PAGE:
Sabrina Bachai: 5 At-Home Treatments For Headaches

The Kosher Gourmet by Daniel Neman Have yourself a matzo ball: The secrets bubby never told you and recipes she could have never imagined

April 8, 2014

Lori Nawyn: At Your Wit's End and Back: Finding Peace

Susan B. Garland and Rachel L. Sheedy: Strategies Married Couples Can Use to Boost Benefits

David Muhlbaum: Smart Tax Deductions Non-Itemizers Can Claim

Jill Weisenberger, M.S., R.D.N., C.D.E : Before You Lose Your Mental Edge

Dana Dovey: Coffee Drinkers Rejoice! Your Cup Of Joe Can Prevent Death From Liver Disease

Chris Weller: Electric 'Thinking Cap' Puts Your Brain Power Into High Gear

The Kosher Gourmet by Marlene Parrish A gift of hazelnuts keeps giving --- for a variety of nutty recipes: Entree, side, soup, dessert

April 4, 2014

Rabbi David Gutterman: The Word for Nothing Means Everything

Charles Krauthammer: Kerry's folly, Chapter 3

Amy Peterson: A life of love: How to build lasting relationships with your children

John Ericson: Older Women: Save Your Heart, Prevent Stroke Don't Drink Diet

John Ericson: Why 50 million Americans will still have spring allergies after taking meds

Cameron Huddleston: Best and Worst Buys of April 2014

Stacy Rapacon: Great Mutual Funds for Young Investors

Sarah Boesveld: Teacher keeps promise to mail thousands of former students letters written by their past selves

The Kosher Gourmet by Sharon Thompson Anyone can make a salad, you say. But can they make a great salad? (SECRETS, TESTED TECHNIQUES + 4 RECIPES, INCLUDING DRESSINGS)

April 2, 2014

Paul Greenberg: Death and joy in the spring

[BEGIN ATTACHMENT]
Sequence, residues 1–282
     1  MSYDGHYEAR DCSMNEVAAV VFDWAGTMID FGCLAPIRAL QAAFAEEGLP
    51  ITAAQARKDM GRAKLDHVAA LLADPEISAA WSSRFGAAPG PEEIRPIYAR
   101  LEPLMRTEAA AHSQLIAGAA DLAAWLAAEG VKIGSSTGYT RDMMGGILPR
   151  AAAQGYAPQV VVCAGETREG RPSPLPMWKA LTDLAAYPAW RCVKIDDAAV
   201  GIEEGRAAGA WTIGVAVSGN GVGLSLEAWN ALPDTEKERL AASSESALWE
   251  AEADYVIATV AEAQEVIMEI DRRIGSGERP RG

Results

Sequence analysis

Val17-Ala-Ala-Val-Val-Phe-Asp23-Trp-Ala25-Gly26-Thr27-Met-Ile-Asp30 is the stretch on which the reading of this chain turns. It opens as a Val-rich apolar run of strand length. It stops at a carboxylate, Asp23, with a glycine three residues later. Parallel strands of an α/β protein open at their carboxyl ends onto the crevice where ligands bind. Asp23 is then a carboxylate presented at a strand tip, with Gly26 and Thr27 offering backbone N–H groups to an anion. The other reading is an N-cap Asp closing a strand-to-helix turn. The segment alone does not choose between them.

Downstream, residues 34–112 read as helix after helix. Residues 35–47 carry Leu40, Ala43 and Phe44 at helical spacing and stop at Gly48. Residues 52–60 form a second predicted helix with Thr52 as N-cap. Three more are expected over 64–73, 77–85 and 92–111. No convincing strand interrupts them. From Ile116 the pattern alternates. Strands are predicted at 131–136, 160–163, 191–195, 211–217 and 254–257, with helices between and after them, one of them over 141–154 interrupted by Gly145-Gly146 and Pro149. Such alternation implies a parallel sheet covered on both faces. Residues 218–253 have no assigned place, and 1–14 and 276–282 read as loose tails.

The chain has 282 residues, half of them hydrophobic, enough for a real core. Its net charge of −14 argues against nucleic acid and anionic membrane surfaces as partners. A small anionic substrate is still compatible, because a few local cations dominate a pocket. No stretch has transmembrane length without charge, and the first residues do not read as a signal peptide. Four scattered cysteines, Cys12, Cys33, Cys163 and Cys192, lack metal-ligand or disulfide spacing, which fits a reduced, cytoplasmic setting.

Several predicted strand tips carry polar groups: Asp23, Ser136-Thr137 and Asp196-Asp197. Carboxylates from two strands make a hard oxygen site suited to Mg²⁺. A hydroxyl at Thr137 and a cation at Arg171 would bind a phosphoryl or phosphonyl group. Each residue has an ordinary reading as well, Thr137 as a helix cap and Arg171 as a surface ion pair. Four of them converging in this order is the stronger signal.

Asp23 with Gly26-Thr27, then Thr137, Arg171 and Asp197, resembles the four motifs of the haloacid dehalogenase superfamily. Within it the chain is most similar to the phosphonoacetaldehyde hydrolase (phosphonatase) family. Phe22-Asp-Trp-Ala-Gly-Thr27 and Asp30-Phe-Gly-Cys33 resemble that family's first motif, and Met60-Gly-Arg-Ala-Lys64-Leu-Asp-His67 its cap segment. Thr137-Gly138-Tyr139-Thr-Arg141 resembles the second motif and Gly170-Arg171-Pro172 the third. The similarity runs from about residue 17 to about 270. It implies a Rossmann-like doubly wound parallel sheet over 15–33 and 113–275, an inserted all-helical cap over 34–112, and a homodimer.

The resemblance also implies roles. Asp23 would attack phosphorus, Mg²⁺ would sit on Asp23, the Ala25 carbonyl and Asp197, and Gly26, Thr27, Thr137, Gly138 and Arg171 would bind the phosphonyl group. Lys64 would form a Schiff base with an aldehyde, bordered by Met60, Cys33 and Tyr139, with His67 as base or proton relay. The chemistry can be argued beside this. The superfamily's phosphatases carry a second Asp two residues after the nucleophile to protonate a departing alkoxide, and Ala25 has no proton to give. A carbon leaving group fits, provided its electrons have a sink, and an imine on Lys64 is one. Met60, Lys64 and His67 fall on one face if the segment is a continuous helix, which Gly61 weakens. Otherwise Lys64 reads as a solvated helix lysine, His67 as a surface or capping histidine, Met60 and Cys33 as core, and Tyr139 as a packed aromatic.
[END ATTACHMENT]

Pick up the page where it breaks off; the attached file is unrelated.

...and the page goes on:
Dan Barry: Should South Carolina Jews be forced to maintain this chimney built by Germans serving the Nazis?

Mayra Bitsko: Save me! An alien took over my child's personality

Frank Clayton: Get happy: 20 scientifically proven happiness activities

Susan Scutti: It's Genetic! Obesity and the 'Carb Breakdown' Gene

Lecia Bushak: Why Hand Sanitizer May Actually Harm Your Health

Stacy Rapacon: Great Funds You Can Own for $500 or Less

Cameron Huddleston: 7 Ways to Save on Home Decor

The Kosher Gourmet by Steve Petusevsky Exploring ingredients as edible-stuffed containers (TWO RECIPES + TIPS & TECHINQUES)

Jewish World Review April 17, 2008 / 12 Nissan 5768

China learns the price of a few weeks of global attention

By Anne Applebaum

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http://www.JewishWorldReview.com | In London, a man with a fire extinguisher hurled himself at a torchbearer using what a friend gleefully describes as a "rugby tackle." In Paris, the torch's omnipresent security guards—members of the Sacred Flame Protection Unit of the Chinese People's Armed Police, the same paramilitaries who put down riots in Tibet—had to extinguish the flame themselves to prevent protesters from doing so first. In San Francisco, the torch disappeared, reappeared, changed routes, and then vanished altogether. City officials explained that they had moved their "farewell to the torch" ceremony to a "private" location in order to avoid demonstrations.